Intel Unison will allow phone users to text and share files from their computers.

Intel Unison will allow phone users to text and share files from their computers.

People frequently divide their computing between a computer and a mobile device, but sometimes they don’t communicate as smoothly as they should. With the help of its new Unison app, Intel intends to remedy this. Your files, texts, and other content from your smartphone can be accessible on Windows with this program. Well, provided you’re utilizing the most advanced Intel processor models.

The Screenovate acquisition by Intel, which was made public at CES 2022 earlier this year, gave rise to Unison. As a stand-alone company, Screenovate created custom apps with mobile integrations for PC manufacturers like Dell, and now Intel is bringing a version of that to PCs running on its CPUs.

Your phone and PC will be connected to Unison via a “simple pairing process,” according to Intel. When your machines are connected, some of the essential elements of the mobile experience, like as phone calls, notifications, text messaging, and file access, will be reproduced on your Windows computer (photos taken on your phone will sync to a special gallery inside Unison).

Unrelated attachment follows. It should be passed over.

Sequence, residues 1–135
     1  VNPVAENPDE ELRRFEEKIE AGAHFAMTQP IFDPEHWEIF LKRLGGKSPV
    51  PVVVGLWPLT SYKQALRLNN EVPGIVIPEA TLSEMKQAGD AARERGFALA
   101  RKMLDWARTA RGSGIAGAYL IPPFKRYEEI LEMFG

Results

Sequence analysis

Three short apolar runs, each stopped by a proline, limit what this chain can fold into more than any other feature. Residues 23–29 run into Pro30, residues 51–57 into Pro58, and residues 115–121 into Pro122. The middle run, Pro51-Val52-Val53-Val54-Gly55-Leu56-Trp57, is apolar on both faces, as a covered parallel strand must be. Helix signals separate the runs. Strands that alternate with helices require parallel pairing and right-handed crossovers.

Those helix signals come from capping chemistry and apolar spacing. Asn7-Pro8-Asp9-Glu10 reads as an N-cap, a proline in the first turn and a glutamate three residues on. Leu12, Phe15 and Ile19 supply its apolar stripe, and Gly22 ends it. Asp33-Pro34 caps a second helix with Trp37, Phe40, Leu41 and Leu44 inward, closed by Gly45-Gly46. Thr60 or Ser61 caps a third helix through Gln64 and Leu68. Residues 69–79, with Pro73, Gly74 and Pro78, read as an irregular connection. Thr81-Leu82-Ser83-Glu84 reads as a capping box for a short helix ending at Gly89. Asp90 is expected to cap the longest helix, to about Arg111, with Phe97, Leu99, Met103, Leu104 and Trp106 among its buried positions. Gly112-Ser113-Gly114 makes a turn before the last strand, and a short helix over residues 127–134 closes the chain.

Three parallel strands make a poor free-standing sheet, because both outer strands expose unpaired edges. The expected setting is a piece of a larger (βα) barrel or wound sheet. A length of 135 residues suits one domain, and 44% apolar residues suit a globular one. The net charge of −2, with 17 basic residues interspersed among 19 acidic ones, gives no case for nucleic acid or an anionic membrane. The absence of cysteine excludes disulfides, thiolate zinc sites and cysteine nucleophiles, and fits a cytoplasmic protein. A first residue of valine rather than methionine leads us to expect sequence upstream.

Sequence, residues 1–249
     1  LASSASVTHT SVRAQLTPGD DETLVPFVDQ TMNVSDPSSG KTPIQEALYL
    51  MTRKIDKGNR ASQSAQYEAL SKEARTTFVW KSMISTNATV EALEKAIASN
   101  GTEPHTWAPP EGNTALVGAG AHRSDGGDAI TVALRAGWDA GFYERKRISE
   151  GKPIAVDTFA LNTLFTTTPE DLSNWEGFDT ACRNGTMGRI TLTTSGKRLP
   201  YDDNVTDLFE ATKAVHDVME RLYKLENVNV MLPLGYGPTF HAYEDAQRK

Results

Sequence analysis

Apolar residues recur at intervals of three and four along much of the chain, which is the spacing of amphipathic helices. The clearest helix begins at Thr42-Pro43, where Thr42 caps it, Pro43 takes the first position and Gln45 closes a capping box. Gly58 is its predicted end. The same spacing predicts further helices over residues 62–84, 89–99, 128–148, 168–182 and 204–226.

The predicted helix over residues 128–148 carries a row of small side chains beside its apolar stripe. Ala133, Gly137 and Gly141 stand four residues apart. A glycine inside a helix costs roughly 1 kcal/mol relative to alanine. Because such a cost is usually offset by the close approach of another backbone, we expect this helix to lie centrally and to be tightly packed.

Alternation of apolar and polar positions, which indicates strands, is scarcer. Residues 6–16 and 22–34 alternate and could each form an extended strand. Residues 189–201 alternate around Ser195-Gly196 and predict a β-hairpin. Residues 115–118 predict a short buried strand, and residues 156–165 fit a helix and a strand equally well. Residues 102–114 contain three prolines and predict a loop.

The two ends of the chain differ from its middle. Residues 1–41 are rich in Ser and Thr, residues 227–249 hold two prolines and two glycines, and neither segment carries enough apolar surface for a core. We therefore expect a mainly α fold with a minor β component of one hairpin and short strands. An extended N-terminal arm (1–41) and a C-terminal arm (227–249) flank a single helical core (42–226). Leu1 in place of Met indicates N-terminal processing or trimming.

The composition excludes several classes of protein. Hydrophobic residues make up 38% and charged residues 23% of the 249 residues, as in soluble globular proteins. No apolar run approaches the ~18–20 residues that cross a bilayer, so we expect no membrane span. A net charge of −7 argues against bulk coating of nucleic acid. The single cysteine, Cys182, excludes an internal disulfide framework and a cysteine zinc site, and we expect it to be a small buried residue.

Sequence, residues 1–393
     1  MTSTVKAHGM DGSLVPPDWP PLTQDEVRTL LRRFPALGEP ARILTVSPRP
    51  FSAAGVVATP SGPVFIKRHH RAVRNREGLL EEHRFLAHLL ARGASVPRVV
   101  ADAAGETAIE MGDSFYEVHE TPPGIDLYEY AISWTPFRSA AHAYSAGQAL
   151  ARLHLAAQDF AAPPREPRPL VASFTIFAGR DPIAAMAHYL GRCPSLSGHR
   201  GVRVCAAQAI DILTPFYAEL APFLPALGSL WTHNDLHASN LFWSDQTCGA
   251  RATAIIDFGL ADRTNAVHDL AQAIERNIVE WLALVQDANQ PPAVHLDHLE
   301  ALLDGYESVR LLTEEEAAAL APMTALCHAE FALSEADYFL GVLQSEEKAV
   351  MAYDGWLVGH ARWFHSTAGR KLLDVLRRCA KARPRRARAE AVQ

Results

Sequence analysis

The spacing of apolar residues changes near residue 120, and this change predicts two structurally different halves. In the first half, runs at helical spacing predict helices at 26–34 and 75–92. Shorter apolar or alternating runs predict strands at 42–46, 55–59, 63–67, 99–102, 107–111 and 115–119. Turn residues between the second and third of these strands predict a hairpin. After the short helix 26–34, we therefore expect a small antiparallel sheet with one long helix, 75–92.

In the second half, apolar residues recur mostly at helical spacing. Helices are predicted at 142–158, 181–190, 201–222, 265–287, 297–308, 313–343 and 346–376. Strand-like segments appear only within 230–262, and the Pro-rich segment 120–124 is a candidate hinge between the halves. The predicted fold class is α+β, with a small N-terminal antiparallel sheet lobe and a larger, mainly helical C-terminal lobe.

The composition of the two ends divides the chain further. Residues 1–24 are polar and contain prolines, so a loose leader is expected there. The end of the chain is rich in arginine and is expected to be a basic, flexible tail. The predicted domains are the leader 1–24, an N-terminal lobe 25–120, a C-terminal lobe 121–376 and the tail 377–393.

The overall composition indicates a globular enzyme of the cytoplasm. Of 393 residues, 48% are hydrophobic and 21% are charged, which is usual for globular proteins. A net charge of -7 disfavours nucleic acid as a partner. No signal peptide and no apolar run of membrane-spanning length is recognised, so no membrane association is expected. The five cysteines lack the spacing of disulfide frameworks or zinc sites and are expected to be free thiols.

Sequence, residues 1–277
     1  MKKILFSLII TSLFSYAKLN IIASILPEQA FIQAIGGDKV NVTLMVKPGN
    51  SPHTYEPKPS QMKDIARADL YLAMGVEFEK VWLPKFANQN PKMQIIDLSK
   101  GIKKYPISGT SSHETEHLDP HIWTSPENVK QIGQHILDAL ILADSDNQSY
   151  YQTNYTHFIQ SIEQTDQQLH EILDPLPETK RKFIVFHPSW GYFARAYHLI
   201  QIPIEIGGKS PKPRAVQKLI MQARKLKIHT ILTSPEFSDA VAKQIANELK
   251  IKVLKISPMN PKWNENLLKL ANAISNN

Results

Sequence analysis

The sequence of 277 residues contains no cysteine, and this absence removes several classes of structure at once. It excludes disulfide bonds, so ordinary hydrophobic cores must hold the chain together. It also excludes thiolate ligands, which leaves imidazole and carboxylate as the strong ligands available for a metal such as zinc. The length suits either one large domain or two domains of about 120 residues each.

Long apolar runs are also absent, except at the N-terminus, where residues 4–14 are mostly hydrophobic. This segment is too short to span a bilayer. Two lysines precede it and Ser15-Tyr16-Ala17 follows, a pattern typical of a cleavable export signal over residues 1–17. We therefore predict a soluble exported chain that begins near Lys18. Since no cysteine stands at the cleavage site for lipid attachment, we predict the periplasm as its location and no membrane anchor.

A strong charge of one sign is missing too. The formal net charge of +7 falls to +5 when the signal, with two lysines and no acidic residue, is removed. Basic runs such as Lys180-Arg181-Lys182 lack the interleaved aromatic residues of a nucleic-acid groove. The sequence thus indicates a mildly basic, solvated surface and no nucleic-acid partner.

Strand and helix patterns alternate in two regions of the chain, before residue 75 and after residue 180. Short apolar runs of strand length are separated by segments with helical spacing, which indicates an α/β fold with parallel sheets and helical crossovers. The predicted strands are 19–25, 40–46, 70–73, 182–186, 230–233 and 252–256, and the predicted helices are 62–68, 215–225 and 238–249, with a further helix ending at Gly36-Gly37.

The entire feature set will be available to Android users, but the iPhone won’t support the same level of in-depth integrations. A few chat functions won’t function, and third-party app alerts won’t have as many features. A macOS computer, on the other hand, offers more in-depth integrations than even the most well-supported Android-Windows combinations, thus iPhone users who value computer-phone cooperation will almost surely use one of these devices.

The room also contains an elephant. In the form of the Phone Link program (formerly known as “Your Phone”), Microsoft already includes most of this functionality with Windows. With the help of this app, you may connect a phone to a computer and receive messages, alerts, and even photo synchronization. Unison might provide a more streamlined experience for the fundamentals, but Phone Link offers more options for some popular (and less popular) Android phones, such as those made by Samsung and Microsoft. For instance, without installing them, these gadgets can mirror programs from your phone to your PC. That is not at all what Unison does.

A subset of laptops using Intel Evo technology and powered by 12th Gen Intel Core CPUs will feature Intel Unison for the first time. These computers will be made by HP, Lenovo, and Acer, but that is only the beginning. More computers will reportedly support Unison in early 2023, but only those powered by 13th generation Intel Core processors. It appears that those with earlier CPUs will have to settle for the very comparable Phone Link capabilities that Microsoft supplies with Windows 10 and 11.

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